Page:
In capitalist societies, such gifts are rare. Many things are gifts in name only: the drink from a flirtatious stranger at the bar, the condo development that includes the building of a public school, the tax-deductible donation. These come with an underlying quid pro quo; expectations of something in return. We know this instinctively. We see it outright, if we look clearly. And we look for it when an ambiguous gift is given.

Worse, this the give-and-take idea is often applied where it shouldn’t be. The notion of “earning one’s keep,” proudly a part of FMA’s ideology, can be too easily used as a conceptual stick to beat one’s dependants with. Internet advice blogger, Captain Awkward, wrote about this idea when she addressed the concerns of a controlling parent who wrote in to her:

“I think that the money you give your kids for their upbringing and education is a gift, not a down payment on controlling the rest of their lives.”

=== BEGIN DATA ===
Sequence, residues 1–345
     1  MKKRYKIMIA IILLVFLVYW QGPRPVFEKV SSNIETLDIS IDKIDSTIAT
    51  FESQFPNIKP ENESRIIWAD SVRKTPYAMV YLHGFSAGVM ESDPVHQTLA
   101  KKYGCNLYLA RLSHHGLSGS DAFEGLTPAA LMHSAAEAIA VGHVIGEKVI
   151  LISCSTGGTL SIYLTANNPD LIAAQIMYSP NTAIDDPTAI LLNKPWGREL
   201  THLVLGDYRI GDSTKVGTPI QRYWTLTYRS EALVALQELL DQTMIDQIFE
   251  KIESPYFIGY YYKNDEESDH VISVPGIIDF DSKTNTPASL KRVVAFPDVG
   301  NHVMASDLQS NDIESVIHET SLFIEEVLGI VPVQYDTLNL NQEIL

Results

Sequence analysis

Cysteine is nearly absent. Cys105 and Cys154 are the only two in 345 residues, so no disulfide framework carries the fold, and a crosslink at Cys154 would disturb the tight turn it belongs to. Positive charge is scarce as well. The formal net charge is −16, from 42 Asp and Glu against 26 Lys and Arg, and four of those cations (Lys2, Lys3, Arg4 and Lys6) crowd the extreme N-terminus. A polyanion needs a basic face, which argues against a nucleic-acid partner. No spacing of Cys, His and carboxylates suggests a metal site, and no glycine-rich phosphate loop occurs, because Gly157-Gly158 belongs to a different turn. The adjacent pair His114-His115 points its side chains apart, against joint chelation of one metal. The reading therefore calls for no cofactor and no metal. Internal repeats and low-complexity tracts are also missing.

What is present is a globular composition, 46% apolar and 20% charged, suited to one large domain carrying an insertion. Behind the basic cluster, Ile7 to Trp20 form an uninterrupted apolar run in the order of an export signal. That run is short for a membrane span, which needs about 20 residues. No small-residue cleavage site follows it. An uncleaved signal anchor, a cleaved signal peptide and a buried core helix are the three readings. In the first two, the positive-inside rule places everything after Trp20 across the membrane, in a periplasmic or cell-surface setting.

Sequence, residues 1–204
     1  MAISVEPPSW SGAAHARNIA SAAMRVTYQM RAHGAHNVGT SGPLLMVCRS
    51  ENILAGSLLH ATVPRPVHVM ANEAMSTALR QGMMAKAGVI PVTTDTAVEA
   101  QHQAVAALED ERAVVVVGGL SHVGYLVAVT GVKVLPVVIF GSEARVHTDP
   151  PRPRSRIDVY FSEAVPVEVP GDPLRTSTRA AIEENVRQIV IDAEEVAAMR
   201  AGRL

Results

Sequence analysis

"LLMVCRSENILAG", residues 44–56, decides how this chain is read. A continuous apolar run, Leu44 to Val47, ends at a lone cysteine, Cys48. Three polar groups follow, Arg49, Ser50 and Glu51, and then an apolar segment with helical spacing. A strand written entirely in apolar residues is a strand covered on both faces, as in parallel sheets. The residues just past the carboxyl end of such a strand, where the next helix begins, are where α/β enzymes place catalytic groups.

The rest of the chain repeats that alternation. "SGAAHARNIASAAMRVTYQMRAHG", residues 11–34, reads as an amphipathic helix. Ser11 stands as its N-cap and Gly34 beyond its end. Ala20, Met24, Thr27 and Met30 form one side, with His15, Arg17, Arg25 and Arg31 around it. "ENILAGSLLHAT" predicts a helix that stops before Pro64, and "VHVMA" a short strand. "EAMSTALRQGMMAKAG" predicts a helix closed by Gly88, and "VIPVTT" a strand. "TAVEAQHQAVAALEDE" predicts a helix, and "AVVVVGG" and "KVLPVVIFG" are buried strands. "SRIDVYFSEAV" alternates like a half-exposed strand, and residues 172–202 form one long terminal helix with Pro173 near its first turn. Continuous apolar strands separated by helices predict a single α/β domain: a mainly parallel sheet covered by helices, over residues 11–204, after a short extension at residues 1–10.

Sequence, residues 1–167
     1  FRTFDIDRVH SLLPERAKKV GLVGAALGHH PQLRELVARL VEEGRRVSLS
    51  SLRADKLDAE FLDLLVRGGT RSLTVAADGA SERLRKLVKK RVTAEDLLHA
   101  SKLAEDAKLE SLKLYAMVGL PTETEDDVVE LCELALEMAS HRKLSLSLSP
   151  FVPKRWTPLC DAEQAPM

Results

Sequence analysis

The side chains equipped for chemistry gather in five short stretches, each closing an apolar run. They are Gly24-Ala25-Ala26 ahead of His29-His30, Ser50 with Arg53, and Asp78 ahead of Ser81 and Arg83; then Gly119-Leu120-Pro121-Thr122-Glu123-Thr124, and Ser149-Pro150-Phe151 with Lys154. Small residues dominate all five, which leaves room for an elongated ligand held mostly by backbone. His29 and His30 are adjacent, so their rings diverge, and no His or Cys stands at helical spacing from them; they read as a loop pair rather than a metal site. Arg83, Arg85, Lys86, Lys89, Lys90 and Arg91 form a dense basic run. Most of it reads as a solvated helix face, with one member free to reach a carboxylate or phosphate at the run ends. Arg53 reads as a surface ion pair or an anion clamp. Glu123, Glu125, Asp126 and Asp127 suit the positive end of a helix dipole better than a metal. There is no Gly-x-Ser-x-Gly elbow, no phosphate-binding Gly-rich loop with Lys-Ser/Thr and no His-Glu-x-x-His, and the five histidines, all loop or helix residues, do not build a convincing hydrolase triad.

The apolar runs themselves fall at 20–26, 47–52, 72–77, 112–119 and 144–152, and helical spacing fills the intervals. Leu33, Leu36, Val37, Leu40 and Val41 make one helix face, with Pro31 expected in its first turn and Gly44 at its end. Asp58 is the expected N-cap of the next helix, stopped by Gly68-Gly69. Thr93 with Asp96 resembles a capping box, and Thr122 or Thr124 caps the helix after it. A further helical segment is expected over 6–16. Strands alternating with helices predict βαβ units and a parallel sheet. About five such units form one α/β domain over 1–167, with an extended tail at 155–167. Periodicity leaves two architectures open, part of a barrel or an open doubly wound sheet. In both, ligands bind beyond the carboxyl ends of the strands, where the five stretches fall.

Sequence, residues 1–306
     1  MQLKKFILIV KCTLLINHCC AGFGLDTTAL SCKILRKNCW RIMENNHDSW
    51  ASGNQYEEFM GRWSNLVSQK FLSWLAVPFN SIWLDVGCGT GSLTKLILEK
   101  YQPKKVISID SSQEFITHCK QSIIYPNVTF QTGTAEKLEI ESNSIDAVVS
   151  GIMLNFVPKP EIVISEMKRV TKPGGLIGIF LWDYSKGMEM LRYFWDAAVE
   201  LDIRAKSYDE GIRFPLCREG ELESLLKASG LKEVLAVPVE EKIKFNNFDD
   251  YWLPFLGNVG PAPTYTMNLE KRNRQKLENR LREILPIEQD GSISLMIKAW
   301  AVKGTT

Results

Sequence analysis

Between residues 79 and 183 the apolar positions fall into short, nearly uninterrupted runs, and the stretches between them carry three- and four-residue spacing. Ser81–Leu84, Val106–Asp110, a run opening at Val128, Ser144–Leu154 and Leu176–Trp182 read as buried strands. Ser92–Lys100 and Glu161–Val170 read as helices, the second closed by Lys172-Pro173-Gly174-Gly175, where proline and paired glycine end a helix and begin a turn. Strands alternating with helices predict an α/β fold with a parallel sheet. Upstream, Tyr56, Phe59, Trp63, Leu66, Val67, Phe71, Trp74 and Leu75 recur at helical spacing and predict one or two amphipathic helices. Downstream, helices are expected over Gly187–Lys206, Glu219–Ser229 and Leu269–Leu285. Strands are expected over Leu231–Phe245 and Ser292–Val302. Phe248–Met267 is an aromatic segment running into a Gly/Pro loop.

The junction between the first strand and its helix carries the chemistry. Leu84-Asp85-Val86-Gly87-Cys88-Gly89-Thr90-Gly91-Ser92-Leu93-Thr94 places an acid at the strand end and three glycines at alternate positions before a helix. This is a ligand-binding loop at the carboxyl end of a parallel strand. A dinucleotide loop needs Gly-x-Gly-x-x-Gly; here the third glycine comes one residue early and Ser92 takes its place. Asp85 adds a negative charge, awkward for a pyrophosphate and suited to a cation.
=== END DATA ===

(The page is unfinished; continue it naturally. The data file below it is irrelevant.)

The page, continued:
The good Captain makes a strong point. Give-and-take, or equivalent exchange, should not be applied to dependants. If it is, you end up with the real-life version of Principle Skinner lamenting “Mother…insists I pay her back retroactively for the food I ate as a child.” (Simpsons episode 7, season 8) The gift of help, when the recipient really needs that help or cannot manage without it, shouldn’t come with strings attached.

Now, in the doldrums between the Holidays and Valentine’s Day, I hope it gets easier to brush back the strings. In an economy that is unstable and at a time when everyone is a little less sure of their futures, give-and-take seems harsher than ever. True gifts may only get rarer, but I hope not. I think the only way to get through hard times is to give when you can without expecting something in return…and to receive without guilt. If this sounds difficult, that’s because it is. But in order to change bleak prospects, difficult things have to be done.